All political parties have made it clear their commitment to increasing woodland cover in the UK. That comes as good news to the forestry sector and the large numbers of people and organisations who are interested in investing in this green industry.
New forest plantings are one of the most tangible ways of addressing climate change – one of the biggest issues of our time. The UK, despite having good growing conditions for woodlands, still has less than 50% of the European average proportion of forest cover.
"The Scottish Government is very alive to the benefits which can be gained from a productive forestry sector and has been positive in its support.” says Raymond Henderson, head of forestry with Bidwells property consultants.
In his view Government support for forestry has really taken off since Fergus Ewing took over responsibility for forestry as part of his portfolio as Cabinet Secretary for the Rural Economy.
"He has been a tremendous advocate for the sector and is clearly committed to ensuring that Scotland meets its new forest planting targets. In the year to March 2019, of the 13,400 hectares of new woodland created in the UK, almost 85% of this - 11,210 hectares - was in Scotland", he notes.
“Increasingly, governments everywhere are focusing on the fact that trees represent a powerful way of locking up carbon and combatting climate change. This, plus the way forestry promotes both sustainable building and jobs in rural communities across Scotland, makes it a hugely positive story.” Henderson says.
UK-grown timber prices are dependent on the volume of imports as we still bring in the majority of our timber needs. During 2019 – and as a result of climate change-induced storm and beetle damage to significant areas of mainland Europe’s forests - much larger than normal quantities of timber had to be harvested there. This has temporarily led to an excess of European timber at depressed prices entering the UK which has resulted in a more difficult year than 2018 for UK timber processors and sellers. As the European timber washes through the market, and the weak Sterling in relation to the Euro pushes up import prices, we anticipate this situation will revert to more normal circumstances.
Large scale forest creation in Scotland through the 1960s, 70s and 80s has come on stream, encouraging big investments in modern timber processing facilities – as good as anywhere in the world - to cope with the uplift.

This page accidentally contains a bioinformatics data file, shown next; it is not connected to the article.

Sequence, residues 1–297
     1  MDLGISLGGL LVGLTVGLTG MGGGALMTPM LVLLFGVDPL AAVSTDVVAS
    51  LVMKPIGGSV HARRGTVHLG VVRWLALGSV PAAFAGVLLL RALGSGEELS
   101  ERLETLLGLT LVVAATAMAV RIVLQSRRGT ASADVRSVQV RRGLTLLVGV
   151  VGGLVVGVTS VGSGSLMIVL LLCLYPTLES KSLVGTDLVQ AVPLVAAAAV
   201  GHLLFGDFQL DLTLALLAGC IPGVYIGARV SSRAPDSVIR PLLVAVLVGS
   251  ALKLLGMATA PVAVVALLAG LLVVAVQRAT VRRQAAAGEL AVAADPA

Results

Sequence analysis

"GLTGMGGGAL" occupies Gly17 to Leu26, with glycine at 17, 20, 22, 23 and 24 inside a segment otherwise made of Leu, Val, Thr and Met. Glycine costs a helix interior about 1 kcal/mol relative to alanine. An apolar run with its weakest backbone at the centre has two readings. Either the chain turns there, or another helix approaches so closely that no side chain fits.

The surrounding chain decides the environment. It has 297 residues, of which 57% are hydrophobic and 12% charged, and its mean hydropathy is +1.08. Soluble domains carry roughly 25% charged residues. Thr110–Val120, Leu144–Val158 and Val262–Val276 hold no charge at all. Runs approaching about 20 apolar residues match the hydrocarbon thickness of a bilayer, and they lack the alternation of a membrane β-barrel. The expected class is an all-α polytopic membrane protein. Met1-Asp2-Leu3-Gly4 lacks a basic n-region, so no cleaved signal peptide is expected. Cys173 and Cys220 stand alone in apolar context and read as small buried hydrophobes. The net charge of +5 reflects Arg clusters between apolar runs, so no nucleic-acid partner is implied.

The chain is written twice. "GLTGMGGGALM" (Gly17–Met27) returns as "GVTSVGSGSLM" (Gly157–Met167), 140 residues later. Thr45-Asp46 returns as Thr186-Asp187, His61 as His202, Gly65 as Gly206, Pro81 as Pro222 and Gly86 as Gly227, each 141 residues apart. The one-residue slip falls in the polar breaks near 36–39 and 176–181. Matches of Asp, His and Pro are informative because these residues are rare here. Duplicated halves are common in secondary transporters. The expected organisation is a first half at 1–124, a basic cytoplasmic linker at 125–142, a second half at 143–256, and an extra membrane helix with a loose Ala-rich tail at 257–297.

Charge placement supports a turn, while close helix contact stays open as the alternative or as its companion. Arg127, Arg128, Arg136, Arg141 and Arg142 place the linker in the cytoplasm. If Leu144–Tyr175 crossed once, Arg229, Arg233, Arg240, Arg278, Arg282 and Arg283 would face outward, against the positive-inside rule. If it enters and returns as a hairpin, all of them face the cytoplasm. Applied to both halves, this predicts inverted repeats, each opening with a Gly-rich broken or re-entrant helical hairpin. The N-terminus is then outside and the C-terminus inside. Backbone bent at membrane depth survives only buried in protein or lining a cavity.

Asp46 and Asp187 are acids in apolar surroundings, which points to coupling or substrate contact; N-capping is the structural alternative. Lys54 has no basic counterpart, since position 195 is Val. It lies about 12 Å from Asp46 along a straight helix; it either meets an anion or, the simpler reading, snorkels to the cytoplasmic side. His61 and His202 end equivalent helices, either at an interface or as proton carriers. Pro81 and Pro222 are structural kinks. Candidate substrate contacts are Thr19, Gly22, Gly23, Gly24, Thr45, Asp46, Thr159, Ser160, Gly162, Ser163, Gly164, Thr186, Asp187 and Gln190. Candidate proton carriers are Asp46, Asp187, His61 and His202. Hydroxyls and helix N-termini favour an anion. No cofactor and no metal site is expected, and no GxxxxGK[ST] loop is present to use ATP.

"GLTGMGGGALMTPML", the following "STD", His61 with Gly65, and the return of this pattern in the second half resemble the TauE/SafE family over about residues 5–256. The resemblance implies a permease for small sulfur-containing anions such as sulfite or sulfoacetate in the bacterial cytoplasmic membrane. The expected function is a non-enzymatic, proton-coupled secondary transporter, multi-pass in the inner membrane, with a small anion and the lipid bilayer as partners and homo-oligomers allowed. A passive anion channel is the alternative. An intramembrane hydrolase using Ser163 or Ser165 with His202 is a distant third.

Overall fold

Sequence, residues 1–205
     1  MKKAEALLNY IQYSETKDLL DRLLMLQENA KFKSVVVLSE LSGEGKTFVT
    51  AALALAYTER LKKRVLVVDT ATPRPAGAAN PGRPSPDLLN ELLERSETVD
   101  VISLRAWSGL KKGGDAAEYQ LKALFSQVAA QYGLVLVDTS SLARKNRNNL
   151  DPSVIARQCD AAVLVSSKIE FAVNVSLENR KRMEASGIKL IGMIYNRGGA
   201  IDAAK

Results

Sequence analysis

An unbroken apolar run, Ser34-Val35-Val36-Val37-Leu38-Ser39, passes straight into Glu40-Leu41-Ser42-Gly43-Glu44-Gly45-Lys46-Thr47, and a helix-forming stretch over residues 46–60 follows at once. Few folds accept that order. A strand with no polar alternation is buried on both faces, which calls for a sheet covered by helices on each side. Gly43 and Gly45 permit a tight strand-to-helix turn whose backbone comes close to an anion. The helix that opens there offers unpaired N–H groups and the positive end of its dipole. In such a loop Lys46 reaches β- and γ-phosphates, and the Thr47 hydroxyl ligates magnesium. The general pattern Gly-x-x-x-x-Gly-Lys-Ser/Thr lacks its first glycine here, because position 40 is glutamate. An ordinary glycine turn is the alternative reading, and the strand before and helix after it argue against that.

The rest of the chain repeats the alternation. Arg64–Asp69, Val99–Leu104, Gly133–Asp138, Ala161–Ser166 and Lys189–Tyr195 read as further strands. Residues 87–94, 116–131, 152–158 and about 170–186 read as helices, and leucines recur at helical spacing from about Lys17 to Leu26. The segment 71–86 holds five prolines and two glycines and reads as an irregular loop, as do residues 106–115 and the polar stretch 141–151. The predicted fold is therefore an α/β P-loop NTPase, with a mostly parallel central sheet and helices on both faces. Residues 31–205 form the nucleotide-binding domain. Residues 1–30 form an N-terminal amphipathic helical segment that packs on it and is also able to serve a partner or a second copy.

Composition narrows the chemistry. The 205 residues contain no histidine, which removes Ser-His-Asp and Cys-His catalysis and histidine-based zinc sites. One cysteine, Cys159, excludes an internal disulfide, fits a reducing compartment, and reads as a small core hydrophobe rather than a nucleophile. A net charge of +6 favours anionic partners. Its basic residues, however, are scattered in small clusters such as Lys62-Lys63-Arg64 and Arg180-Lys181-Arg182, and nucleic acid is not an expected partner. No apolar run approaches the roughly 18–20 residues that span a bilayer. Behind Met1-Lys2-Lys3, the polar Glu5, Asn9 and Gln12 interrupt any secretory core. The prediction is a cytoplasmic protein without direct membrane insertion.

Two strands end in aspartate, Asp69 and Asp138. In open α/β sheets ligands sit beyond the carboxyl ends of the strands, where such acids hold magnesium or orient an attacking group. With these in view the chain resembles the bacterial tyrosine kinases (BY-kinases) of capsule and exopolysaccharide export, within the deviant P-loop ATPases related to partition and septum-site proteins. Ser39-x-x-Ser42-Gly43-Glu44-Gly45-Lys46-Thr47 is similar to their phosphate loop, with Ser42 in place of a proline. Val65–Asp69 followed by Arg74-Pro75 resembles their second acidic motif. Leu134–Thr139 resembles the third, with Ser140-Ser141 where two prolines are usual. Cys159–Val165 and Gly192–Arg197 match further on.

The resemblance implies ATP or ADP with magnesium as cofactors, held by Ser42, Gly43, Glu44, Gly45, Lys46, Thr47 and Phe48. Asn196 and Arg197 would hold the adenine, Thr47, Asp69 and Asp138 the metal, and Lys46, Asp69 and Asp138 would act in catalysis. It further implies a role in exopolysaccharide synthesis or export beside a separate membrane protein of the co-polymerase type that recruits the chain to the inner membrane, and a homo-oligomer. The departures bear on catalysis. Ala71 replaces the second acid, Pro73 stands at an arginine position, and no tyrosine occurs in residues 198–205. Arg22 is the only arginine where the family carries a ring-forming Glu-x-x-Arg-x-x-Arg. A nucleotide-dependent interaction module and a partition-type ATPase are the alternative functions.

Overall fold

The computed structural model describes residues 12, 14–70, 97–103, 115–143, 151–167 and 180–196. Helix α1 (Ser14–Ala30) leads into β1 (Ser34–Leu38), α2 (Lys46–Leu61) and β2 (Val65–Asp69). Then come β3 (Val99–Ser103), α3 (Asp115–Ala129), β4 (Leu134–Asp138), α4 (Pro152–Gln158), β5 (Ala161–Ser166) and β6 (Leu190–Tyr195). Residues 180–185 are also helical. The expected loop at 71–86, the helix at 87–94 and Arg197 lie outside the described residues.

As planting rates then reduced markedly through the 1990s and 2000s, the risk of UK timber production figures peaking then beginning to fall off in around 15 years’ time is present. New forest creation would reduce this impact and continue to encourage the development of, what could accurately be described as, one of the great success stories of Scotland’s rural economy.
“Our upland farming industry is facing existential challenges and although forestry is not a panacea, it can, on suitable sites, provide opportunities to make rural properties more productive, resilient and flexible,” says Henderson.
“A two-track approach to upland land values has developed where areas which show obvious potential for new forestry creation (no special designation, no deep peats, reasonable access, no major conservation, landscape or archeological issues etc) can, in some cases, be worth double or more than that of land without productive planting potential and, therefore, also of interest to investors.”
Even although Scotland is meeting its current planting targets, which is a good and positive thing, Henderson points out that we are still only planting about 40% of the area that needs to be planted annually in the UK - according to Westminster’s Climate Change Committee - if forestry is to fulfil its role in mitigating climate change.
“If you want to lock up carbon then fast-growing conifers are the best way of doing this. Deciduous trees can take at least 100 years to achieve the same mass that Sitka Spruce, for example, will reach in 40 years or less,” he points out.
“That said, modern planting techniques require a diversity of species, including broadleaves, are included in even the most ‘commercial’ woodland creation scheme.
“The days of planting 100% conifers and creating what many thought were dark, inhospitable forests unsuited to wildlife, are long gone.
“Everyone in the timber industry wants to see new forests planted primarily for wood production but this does not mean neglecting deciduous and conservation planting and designed open spaces. A modern, productive forest is a very different thing to what was being planted in the 1970s.”
Henderson points out that there is tremendous work being done in the forestry sector by landowners, charities, forest managers and agents who are planting balanced mixes of deciduous trees and conifers.
“Some years ago, a report produced on forestry showed that it was worth £1 billion a year to the Scottish economy and employed some 25,000 people. An update to this study is in preparation and I would be astonished if its findings did not show a very significant increase on earlier figures.” he says.